Just back from Marburg in Germany, where I attended a great conference on Textile Trade and Distribution in Antiquity. The organizers from the Seminar für Alte Geschichte at Phillips Universität Marburg had gathered around 30 scholars from archaeology, history, philology, conservation and natural sciences with a common interest in textiles.
Textiles are historically important for several reasons. They represent a basic human need, but are also powerful markers of status and wealth. With light weight and high value, textiles were among the goods traded over long distances in the ancient world, despite high taxes and transport costs. When studying how textiles moved and changed hands, we tend to emphasize trade, but textiles were subject to processes such as gift-exchange, tribute, taxation and plunder, thus being important objects of redistributions. In that respect they are also very relevant to the networks studied in the NeRoNE project.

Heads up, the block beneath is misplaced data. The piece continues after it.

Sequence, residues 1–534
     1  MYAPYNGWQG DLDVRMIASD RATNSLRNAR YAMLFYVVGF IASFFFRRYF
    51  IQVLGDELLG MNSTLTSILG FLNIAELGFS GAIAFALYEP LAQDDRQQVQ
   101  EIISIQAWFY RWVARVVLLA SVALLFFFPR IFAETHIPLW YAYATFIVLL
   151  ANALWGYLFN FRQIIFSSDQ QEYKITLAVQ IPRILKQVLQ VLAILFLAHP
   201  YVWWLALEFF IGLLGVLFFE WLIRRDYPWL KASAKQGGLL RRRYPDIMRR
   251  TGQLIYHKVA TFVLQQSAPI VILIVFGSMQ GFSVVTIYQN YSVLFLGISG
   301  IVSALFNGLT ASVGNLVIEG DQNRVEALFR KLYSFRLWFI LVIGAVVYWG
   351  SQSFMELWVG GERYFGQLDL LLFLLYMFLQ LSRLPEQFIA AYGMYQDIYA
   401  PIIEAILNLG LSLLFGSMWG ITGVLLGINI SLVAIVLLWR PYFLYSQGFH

The organizers promise to publish the proceedings of the conference promptly. Meanwhile, a thorough summary by Teresa Traupe and Louisa Thomas can be viewed here.